Photo: Eric Schultz/Associated Press
The Tennessee Valley Authority’s never-completed Bellefonte nuclear plant in Hollywood, Ala.
August 18, 2011
By MATTHEW L. WALD
New York Times
The directors of the Tennessee Valley Authority unanimously approved a plan on Thursday to finish the partly built Bellefonte 1 nuclear reactor, a project on which the authority spent billions of dollars in the 1970s and ’80s but dropped in 1988 because of cost overruns and declining estimates of power demand.
The revived reactor, in Hollywood, Ala., is not expected to be completed before 2018 to 2020 — or about a half-century after the project was first announced, and following nearly a quarter-century of limbo.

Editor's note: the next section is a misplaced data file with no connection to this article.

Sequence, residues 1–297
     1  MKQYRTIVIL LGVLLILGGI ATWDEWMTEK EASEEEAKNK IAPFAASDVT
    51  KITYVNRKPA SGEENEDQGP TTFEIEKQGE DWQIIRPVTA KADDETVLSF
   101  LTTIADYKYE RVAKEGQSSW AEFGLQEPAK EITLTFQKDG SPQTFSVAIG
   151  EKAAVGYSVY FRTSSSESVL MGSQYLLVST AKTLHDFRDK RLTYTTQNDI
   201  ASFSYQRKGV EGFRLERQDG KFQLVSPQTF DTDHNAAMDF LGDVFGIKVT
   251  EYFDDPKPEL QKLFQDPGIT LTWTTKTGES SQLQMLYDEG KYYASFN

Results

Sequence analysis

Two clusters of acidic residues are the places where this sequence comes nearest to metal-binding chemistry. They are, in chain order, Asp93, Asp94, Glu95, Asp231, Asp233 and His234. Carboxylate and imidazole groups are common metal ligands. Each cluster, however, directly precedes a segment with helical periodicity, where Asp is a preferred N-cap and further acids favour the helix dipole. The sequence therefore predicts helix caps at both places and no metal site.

"The T.V.A, has wrestled with the fate of Bellefonte since 1988," said Marilyn A. Brown, a board member who is a professor of energy policy at the Georgia Institute of Technology’s School of Public Policy. The decision comes at a time when other countries, Germany and Switzerland, for example, are leaning away from nuclear power and closing older plants, after the meltdowns at the Fukushima Daiichi reactor complex in Japan in March.
The long-anticipated "nuclear renaissance" in the United States appears to have stalled as well, with only four reactors currently being built, two in Georgia and two in South Carolina.